Concern over publisher culpability[edit]

As the controversy grew, questions began to be raised about Apple, Penguin and the Australian media's lack of due diligence in prima facie accepting Gibson's claims to suffering multiple cancers, an issue taken up by Australia's Media Watch program.[49]

Apple, in response to media enquiry in mid March 2015, declined to remove The Whole Pantry application from sale, stating that it was only concerned about the functionality of an application. However, The Whole Pantry was soon thereafter removed from inclusion in the Apple Watch launch. Apple subsequently deleted the application from the Apple Store, and soon thereafter also removed it from all Apple Watch promotional material. Apple has not provided any public comment regarding the reasons behind the removal of The Whole Pantry application from the Apple Store and Apple Watch,[50] but an internal email from an Australian executive to the US team acknowledged that the removal would be subject to comment.[22]

Lantern Books (Penguin), when initially approached by investigative journalists, claimed it had not confirmed the validity of Gibson's cancer claims as it was not required to as the book was "a collection of recipes".[51] Soon after, in mid March 2015 and as the controversy grew, Penguin withdrew the book from sale, citing a lack of response from Gibson to its queries relating to the media accusations. Fairfax Media, however, reported that Penguin had, prior to publication of the book, already quizzed and videotaped Gibson on her cancer story as recounted in the preface.[52] Penguin Australia agreed to pay AU30,000 to the Victorian Consumer Law Fund as a penalty for failing to validate the factual content of the book.[53]

After the Media Watch segment aired, the Elle Australia magazine admitted that following its laudatory story on Gibson, "The Most Inspiring Woman You've Met This Year", which was published in December 2014, Elle Australia had received anonymous but specific claims that Gibson was fabricating her story, but ultimately dismissed the email as "lies".[54]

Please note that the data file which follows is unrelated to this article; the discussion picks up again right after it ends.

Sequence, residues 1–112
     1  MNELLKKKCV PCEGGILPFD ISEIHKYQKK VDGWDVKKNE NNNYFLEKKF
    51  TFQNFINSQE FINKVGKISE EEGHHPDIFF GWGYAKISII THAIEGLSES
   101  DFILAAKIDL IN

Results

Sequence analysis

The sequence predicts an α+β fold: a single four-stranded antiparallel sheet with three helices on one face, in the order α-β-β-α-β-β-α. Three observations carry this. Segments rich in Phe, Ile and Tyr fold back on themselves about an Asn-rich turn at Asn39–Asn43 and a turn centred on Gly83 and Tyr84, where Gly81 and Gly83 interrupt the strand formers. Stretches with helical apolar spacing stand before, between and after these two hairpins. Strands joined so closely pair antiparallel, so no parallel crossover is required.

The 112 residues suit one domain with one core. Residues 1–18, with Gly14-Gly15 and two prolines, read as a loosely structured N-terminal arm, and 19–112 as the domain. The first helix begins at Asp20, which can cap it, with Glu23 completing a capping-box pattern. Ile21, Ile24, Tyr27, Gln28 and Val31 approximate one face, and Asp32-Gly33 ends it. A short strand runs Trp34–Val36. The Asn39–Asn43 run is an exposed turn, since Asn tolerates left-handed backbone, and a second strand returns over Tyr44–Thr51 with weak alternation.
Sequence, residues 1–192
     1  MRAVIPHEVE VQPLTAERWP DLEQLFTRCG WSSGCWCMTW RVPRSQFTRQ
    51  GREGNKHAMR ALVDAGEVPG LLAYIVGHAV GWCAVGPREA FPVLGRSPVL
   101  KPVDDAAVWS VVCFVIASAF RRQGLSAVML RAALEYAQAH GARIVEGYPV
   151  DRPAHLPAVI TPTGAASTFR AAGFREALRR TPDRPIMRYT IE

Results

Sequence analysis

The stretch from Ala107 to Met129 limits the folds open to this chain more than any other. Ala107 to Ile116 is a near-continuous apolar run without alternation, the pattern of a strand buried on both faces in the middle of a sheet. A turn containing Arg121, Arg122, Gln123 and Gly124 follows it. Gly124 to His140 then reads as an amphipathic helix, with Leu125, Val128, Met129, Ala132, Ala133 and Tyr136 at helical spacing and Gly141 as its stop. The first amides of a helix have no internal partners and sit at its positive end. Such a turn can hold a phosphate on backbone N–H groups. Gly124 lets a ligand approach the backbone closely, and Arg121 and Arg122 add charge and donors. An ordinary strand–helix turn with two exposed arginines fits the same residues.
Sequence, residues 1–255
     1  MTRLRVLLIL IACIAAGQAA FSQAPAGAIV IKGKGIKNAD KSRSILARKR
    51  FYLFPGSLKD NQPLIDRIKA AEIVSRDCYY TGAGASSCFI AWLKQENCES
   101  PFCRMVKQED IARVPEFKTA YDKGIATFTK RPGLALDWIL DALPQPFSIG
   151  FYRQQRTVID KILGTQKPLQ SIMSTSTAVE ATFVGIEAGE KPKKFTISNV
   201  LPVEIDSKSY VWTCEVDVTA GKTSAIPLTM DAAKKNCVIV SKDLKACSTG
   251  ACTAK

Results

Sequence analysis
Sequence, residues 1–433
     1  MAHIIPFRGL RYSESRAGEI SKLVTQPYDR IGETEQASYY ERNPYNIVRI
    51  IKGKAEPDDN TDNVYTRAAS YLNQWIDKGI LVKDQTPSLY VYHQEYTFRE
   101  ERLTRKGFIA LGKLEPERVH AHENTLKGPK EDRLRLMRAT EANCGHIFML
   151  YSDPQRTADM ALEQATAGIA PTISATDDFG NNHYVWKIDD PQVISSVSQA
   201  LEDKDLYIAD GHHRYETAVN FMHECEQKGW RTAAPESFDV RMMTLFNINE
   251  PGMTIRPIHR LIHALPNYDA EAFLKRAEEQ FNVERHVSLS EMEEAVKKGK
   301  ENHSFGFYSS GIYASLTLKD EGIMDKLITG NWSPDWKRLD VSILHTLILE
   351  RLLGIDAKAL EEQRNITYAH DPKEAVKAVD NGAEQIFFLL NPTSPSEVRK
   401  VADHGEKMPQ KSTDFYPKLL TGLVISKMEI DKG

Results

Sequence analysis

A second Bauer Media Group magazine, Cosmopolitan, which had awarded Gibson its 2014 "Fun, Fearless Female" social media award, later revealed that it too had received an email, but had dismissed out of hand the email's accusations that Gibson was fabricating her story.[55] Subsequently, on 24 April 2015, after Gibson had admitted to having faked her cancers, in defending the magazine's decision not to strip Gibson of its 2014 social media award, Cosmopolitan's editor stated that Gibson had been "reader nominated and reader voted", the award being "a competition where readers are nominating people that they're inspired by".[56] However, Cosmopolitan's Associate Editor had a month earlier, on 17 March 2015, stated in the magazine's "honest account" of its dealings with Gibson that "I put forward the nomination myself", indicating that Cosmopolitan magazine, rather than the public, had been instrumental in promoting Gibson's award.[57]

A conventional cancer research professional from the Garvan Institute of Medical Research also went public to state that, by failing to conduct basic fact checking and providing "unfiltered PR" to Gibson's untested claims, an uncritical media had been complicit in Gibson's "scam".[58]

Erasing the story[edit]

Once the controversy surfaced in the media, The Whole Pantry began removing any comments made on its (since deleted) Facebook page that questioned the now suspect health and charitable claims that Gibson and the company had made, asserting that these comments only added to "the misinformation" of the initial Fairfax Media article. This selective deletion drew even more negative comment.[59]

Simultaneously, posts that Gibson had made on her Healing Belle Instagram account that made reference to her cancers or charitable donations were also being selectively deleted.[60] Soon after, all posts were deleted from the Healing Belle and The Whole Pantry Instagram accounts. Around the same time, individual postings about her cancer, and claims of having died briefly while under heart surgery, which Gibson had made in 2009 on blogs that she did not directly control, were also being selectively deleted by the administrator of the blog "at the request of a user".[61] Both the Whole Pantry and Healing Belle accounts across a number of social media platforms were soon either abandoned, made private, or deleted in their entirety.[62]